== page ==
As Joy H. Calico makes clear in Arnold Schoenberg's A Survivor from Warsaw in Postwar Europe, the reintroduction of Schoenberg to Central and East European audiences after nearly twenty years through the avatar of this particular work was bound to encounter a thicket of cultural, historical, and political interests, not infrequently working at cross purposes with one another. Calico examines the events leading up to premiere performances of Survivor and the critical response to those performances in several of the countries where the events it memorializes were planned and implemented, tracing its migrations across concert hall stages in West Germany, Austria, Norway, East Germany, Poland, and Czechoslovakia. Throughout his lifetime and for decades after his death in 1951, performances of Schoenberg's music were driven by the efforts of small groups of dedicated cognoscenti rather than by popular demand, and these local premieres of Survivor were largely not exceptions. Calico offers profiles of many of these advocates, giving special attention to the professional and personal risks undertaken by those in the Soviet bloc, where Schoenberg's peculiar brand of modernism was anathema to the official aesthetic of socialist realism.

The most striking theme Calico finds in the reception of Survivor is a recurring process of erasure in plain sight, as if the only way to make the work palatable to audiences—or local authorities—was to rob it of its specificity. Despite the prominence of the Hebrew text, performances repeatedly downplayed or ignored altogether the Jewish identity of the victims. At all but one of the performances Calico discusses, no translation of the Hebrew text was provided to the audience, and in more than a few cases the work's overtly Jewish character was not acknowledged in either the program or the published reviews.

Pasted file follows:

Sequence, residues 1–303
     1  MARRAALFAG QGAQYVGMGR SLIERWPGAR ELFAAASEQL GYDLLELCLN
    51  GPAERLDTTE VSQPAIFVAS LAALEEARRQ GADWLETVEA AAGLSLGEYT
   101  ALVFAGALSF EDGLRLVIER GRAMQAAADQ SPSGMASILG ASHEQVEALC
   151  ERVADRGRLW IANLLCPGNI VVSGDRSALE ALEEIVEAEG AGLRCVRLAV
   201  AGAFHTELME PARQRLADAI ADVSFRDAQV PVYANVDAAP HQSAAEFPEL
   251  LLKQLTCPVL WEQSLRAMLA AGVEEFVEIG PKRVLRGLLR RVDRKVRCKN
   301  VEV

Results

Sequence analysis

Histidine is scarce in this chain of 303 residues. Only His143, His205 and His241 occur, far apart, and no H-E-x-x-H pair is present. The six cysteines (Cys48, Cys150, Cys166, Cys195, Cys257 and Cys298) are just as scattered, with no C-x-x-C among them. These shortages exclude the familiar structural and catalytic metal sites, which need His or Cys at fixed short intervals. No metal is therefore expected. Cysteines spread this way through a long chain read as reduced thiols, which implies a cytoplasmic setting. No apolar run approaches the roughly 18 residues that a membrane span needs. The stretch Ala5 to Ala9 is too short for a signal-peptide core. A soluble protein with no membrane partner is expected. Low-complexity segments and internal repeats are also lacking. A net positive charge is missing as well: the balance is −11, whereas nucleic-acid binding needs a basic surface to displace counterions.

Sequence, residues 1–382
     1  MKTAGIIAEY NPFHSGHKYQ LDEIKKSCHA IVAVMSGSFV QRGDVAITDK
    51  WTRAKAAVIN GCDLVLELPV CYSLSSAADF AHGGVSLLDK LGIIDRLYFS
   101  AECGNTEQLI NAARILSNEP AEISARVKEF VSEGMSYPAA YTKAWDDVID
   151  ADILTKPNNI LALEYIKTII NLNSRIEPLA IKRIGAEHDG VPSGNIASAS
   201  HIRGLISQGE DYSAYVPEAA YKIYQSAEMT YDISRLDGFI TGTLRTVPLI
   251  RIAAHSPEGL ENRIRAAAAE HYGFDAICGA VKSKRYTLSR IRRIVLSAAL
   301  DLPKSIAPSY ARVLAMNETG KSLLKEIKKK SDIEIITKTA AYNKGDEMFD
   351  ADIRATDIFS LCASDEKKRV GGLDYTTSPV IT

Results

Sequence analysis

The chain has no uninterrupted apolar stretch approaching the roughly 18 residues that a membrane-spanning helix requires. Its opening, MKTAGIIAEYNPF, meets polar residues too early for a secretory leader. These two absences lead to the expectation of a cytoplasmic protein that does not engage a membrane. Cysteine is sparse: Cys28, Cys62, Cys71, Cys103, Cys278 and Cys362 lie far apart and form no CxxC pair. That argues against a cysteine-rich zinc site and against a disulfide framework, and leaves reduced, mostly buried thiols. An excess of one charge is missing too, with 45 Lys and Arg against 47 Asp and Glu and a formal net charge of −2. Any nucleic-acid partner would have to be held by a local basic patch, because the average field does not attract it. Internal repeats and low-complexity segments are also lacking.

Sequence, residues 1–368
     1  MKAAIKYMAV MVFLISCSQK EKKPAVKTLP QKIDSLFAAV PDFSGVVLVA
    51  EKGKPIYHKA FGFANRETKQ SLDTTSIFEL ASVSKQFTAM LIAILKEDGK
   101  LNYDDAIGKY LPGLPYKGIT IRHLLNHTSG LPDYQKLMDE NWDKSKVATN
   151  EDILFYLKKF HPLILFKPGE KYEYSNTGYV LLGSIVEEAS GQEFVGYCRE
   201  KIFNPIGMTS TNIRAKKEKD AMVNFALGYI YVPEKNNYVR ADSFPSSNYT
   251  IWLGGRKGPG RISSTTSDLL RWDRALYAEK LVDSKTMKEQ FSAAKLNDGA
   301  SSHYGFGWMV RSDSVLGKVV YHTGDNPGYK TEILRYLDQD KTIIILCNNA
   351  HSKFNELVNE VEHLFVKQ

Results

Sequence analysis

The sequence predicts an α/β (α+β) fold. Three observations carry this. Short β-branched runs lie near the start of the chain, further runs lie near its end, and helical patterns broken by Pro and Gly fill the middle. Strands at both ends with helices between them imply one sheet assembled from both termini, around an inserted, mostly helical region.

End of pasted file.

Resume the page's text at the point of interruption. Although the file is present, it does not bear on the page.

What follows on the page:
The patterns of these deflections would be recognizable to anyone familiar with the post-Holocaust history of these places. In Schoenberg's native Vienna, where a history of complicity with the Final Solution was already being supplanted by the myth of national victimization, the text was altered for the 1951 performance, with the English (though not the Hebrew) text translated into de-Austrianized German and the explicit reference to gas chambers removed. In West Germany, too, audiences were spared hearing mention of gas chambers, though that was not enough to mollify one critic, the apparently less-than-thoroughly denazified musicologist Hans Schnoor, who attacked the work as a “provocative obscenity” (p. 32). By contrast, A Survivor from Warsaw found a welcoming audience in Warsaw, though Calico notes that some of that may have stemmed from Polish audiences’ conflation of the brief Jewish resistance at the Warsaw Ghetto in 1943 with the Warsaw Uprising the following year.

Calico's survey offers a valuable illustration of the ways a work of art can excite enthusiasm and hostility, with neither reaction having much at all to do with the merits of the piece itself. In case after case, A Survivor from Warsaw, a work that makes its views on the cultures that collide in its frame quite clear, is reduced instead to a platform for the stories its audiences wanted to tell themselves about themselves. What its irascible composer might have thought of the many differing claims they made on his brief, blistering composition is not difficult to imagine.